5.2.4. Fire

While cacti are not fire tolerant, their high-water content acts to resist fire and makes them difficult to ignite [89]. Therefore, in order for fire treatments to be most successful, they should be implemented when the plants are dry. Implementing fires when the plant is drier after the summer resulted in 96% mortality of Opuntia spp., compared to only about 50% mortality during a winter burn [20]. In the USA, aerial spraying of large infestations with Picloram (2–4 pints per acre) has been observed to dry the plants, and thus, promote more effective burning during summer [84].

5.3. Management Intervention for Late Invasive Stages: Landscape-Scale Spread

Within their native range, Opuntia spp. do not often become invasive due to natural enemies, such as grazing mammals, insects and diseases, that maintain population levels. The establishment of biological control agents to tackle landscape-scale infestations is the most economical solution for long-term control [90]. When infestations of Opuntia spp. are widely spread, grazing mammals are not suitable for control as they can assist in dispersal of seeds and vegetative segments, whilst dense populations can restrict movement and cause the animals injury. Several insects, fungi and diseases have been trialed for controlling various Opuntia spp. on a landscape scale. Amongst these, the cochineal insect (Dactylopius spp.) and the cactus moth (Cactoblastis cactorum) have provided the most significant control and have been the most globally adopted.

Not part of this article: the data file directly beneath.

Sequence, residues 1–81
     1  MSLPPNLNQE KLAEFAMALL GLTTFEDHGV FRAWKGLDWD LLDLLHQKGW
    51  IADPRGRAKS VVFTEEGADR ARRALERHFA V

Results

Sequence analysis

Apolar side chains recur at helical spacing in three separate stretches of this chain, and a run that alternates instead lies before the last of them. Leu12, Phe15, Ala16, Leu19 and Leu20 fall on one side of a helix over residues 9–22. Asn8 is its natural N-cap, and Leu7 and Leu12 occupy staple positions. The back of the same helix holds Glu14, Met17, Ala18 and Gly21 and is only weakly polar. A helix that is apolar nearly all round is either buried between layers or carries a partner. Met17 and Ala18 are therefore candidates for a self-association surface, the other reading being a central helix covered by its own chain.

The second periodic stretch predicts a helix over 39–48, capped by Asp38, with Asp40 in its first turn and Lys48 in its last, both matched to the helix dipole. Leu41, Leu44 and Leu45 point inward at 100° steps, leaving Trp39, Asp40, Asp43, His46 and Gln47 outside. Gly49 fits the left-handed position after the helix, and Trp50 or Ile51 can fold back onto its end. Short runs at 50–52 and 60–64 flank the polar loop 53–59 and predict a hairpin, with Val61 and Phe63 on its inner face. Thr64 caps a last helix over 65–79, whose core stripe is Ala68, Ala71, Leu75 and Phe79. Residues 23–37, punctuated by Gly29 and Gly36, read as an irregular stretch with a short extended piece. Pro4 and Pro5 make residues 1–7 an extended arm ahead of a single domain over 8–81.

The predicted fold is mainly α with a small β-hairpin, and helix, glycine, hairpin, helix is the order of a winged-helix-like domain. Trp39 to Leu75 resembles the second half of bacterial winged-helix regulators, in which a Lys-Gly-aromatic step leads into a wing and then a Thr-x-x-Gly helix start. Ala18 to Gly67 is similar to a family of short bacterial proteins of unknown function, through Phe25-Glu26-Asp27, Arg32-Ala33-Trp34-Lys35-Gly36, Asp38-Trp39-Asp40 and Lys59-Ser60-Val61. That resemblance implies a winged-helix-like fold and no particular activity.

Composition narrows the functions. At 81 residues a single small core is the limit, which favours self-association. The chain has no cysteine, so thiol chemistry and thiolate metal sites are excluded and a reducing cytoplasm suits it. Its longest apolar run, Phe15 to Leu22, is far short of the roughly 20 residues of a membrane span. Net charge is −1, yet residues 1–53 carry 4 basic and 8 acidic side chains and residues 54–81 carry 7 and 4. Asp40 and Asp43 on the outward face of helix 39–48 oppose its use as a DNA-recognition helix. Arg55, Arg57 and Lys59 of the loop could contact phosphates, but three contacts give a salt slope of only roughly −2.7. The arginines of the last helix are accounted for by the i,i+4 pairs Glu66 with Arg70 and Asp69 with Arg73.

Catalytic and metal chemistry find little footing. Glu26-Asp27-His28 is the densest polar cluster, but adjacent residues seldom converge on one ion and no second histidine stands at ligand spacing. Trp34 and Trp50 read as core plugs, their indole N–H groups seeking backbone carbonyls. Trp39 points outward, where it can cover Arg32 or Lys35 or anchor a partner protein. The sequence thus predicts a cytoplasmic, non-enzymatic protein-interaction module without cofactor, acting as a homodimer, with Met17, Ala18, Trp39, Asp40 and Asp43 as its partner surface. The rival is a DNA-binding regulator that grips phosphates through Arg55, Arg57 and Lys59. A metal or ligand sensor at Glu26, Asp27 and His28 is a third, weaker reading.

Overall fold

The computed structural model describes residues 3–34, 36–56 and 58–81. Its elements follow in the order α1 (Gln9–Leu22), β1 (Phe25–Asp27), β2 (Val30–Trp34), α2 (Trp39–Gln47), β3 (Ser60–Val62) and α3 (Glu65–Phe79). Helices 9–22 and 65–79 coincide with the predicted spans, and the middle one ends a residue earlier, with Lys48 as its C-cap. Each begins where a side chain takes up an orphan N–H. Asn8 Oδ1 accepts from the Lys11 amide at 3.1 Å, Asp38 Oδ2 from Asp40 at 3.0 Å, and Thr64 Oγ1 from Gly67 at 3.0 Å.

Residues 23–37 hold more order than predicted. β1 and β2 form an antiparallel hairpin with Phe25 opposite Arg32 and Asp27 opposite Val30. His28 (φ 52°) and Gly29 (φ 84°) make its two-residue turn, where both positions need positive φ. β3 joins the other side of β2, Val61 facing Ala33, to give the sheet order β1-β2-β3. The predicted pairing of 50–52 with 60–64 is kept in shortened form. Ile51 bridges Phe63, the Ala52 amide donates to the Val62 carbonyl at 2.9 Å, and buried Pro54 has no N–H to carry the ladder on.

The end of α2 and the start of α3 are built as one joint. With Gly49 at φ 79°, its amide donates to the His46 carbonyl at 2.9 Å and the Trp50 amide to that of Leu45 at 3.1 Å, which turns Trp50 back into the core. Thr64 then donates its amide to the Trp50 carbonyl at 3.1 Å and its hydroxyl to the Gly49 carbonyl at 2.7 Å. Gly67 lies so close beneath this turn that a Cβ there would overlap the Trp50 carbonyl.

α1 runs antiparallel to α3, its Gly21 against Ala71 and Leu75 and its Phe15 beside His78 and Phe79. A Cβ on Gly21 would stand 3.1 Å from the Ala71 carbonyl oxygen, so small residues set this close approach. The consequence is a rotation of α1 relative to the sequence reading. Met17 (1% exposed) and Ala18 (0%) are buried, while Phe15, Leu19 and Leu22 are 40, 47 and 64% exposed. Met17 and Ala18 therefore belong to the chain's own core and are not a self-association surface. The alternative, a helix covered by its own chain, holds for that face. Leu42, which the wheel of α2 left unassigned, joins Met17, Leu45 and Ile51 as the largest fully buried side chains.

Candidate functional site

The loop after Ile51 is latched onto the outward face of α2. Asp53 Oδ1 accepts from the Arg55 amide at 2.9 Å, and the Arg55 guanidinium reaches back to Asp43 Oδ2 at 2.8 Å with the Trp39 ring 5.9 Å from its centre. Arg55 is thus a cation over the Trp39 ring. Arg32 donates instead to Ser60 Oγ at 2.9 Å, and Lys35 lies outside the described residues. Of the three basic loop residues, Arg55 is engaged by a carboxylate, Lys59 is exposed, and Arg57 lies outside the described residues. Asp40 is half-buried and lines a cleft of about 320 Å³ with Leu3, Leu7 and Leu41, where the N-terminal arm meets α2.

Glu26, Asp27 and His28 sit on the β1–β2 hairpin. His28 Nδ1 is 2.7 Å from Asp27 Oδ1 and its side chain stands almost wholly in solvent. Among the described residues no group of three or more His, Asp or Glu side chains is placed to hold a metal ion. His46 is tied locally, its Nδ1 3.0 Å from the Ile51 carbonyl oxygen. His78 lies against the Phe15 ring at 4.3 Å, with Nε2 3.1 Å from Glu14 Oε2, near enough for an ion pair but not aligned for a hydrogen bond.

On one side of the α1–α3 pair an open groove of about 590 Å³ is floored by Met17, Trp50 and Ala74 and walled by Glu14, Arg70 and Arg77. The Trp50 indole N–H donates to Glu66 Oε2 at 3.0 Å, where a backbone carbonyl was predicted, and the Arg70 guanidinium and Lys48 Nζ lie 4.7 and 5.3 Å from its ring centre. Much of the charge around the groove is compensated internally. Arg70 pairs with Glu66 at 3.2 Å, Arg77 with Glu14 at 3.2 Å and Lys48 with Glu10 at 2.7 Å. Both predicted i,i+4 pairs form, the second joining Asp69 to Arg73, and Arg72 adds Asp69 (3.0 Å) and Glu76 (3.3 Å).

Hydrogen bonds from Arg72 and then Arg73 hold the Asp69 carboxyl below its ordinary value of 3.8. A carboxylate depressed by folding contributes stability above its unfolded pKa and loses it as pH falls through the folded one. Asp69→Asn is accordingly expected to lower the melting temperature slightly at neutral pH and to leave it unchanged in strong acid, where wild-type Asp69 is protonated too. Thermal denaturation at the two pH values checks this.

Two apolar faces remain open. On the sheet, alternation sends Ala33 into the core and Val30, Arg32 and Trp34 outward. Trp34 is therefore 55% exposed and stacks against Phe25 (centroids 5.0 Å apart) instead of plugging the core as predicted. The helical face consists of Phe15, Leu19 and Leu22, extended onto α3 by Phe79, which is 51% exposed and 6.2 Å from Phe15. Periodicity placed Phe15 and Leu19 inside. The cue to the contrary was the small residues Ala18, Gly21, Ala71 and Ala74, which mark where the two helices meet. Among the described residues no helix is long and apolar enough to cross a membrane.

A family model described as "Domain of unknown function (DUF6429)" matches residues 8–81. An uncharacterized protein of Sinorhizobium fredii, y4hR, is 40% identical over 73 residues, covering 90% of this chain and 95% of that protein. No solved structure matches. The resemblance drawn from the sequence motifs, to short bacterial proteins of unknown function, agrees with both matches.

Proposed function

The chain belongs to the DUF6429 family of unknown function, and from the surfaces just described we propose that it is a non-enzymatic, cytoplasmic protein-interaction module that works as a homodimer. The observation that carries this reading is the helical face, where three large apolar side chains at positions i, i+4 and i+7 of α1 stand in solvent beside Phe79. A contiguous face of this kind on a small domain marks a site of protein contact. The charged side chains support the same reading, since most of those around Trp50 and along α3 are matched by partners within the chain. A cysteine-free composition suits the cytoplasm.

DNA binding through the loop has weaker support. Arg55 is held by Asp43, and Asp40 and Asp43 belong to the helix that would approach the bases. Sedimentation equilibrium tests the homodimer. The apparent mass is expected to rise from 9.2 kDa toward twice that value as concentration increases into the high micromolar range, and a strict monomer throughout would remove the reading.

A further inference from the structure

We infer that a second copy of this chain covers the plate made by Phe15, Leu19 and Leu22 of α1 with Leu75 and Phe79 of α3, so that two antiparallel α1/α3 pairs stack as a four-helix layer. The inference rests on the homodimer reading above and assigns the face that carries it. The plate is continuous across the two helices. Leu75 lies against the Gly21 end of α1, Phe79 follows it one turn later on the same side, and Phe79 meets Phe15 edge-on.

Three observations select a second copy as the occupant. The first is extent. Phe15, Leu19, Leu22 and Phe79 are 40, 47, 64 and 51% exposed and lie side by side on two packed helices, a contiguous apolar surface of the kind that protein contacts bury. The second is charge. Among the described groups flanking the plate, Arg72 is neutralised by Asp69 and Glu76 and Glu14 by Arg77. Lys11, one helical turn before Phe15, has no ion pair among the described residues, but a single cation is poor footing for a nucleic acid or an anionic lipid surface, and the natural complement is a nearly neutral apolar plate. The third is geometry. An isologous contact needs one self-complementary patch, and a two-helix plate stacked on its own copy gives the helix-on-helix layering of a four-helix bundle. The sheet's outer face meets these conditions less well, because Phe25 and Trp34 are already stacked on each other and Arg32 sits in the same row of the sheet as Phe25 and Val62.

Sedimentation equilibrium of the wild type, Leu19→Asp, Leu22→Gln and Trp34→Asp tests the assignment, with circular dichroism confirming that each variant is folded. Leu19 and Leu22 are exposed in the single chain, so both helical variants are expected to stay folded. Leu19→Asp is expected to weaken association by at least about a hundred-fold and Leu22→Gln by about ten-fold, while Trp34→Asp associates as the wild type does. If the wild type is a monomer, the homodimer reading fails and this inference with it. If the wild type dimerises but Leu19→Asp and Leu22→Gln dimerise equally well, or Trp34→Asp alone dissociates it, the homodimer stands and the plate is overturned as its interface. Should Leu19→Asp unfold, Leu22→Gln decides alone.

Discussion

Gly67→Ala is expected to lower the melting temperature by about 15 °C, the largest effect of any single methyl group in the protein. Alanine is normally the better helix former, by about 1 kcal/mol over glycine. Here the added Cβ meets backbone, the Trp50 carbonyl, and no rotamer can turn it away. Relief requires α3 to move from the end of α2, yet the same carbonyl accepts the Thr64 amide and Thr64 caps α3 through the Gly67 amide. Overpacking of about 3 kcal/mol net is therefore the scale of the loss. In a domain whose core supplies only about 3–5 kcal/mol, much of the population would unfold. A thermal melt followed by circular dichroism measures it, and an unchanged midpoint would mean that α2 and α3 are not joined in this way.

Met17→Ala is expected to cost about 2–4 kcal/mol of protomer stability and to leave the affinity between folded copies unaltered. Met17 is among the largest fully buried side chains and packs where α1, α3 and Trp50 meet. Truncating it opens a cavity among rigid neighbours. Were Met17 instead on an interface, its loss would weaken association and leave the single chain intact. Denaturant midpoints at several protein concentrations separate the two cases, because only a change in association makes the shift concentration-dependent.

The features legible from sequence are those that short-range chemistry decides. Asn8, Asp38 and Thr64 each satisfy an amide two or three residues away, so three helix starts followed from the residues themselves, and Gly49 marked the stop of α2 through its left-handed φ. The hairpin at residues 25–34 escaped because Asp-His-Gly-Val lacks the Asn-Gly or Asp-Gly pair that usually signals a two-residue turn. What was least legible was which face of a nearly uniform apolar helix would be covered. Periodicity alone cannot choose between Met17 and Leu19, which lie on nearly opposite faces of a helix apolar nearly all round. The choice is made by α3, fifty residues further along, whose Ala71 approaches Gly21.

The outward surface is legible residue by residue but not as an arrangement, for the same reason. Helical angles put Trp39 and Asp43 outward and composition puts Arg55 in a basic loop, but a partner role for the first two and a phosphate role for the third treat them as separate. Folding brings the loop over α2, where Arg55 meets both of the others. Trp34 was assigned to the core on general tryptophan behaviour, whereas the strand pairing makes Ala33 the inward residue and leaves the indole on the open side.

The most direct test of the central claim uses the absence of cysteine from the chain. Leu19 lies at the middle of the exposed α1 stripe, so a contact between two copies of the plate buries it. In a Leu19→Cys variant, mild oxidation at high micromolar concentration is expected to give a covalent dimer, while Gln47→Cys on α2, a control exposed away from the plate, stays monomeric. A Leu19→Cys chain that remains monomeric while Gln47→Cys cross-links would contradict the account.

5.3.1. Cochineal Insect

In many cases, the cochineal insect, Dactylopius coccus (from order Hemiptera and the Dactylopiidae family), was globally introduced alongside O. ficus indica and other domesticated varieties for coccidoculture (cochineal breeding) to produce carminic acid, an important and diversely useful red pigment obtained by crushing the sessile females [91]. There are 11 known Dactylopius spp. in this monophyletic genus, all of which are parasitic of cactus plants [92]. These insects are native to North or South America and, like the Opuntia spp., have evolved to tolerate arid and water-limited environments [91]. Cochineal insects are attractive biological control agents as they display host specificity and feed on only one or a few closely-related Opuntia spp. [3,54,93].
Cochineal insects display sexual dimorphism and drastic differences are observed in the appearance and behaviour of adults [18,94]. The female cochineal insects have three life stages after hatching: the nymph stage, an intermediate nymph stage and the adult stage [18,95]. During the nymph stage, emphasis on finding a suitable feeding position is priority, and their bodies are covered in fine bristle to assist in wind dispersal, moving from a crowded cactus to a less populated plant [96]. During the intermediate stage, the insect inserts its mouth piece into the cactus and remains sessile in the spot for its entire life [18,60]. In this position, it then undergoes two malting events, where it develops a waxy coat for protection from harsh environmental conditions and predation [94,97], as shown in Figure 4. It enters the adult life stage after the second malting phase, where it reaches sexual maturity [94,95]. Male cochineal insects also undergo a similar nymph and intermediate nymph life stage; they develop wings in their adult life stage and are rarely observed feeding on the cacti [95].